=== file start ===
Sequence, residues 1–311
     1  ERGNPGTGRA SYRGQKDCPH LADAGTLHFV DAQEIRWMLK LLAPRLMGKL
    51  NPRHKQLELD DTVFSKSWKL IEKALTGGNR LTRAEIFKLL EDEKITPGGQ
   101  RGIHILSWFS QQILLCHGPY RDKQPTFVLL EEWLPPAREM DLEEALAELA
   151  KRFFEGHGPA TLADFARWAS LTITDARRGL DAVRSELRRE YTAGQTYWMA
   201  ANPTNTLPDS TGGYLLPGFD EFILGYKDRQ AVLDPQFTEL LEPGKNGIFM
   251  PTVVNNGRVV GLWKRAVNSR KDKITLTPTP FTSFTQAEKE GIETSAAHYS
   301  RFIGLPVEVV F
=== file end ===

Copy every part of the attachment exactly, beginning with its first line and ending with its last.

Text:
Sequence, residues 1–311
     1  ERGNPGTGRA SYRGQKDCPH LADAGTLHFV DAQEIRWMLK LLAPRLMGKL
    51  NPRHKQLELD DTVFSKSWKL IEKALTGGNR LTRAEIFKLL EDEKITPGGQ
   101  RGIHILSWFS QQILLCHGPY RDKQPTFVLL EEWLPPAREM DLEEALAELA
   151  KRFFEGHGPA TLADFARWAS LTITDARRGL DAVRSELRRE YTAGQTYWMA
   201  ANPTNTLPDS TGGYLLPGFD EFILGYKDRQ AVLDPQFTEL LEPGKNGIFM
   251  PTVVNNGRVV GLWKRAVNSR KDKITLTPTP FTSFTQAEKE GIETSAAHYS
   301  RFIGLPVEVV F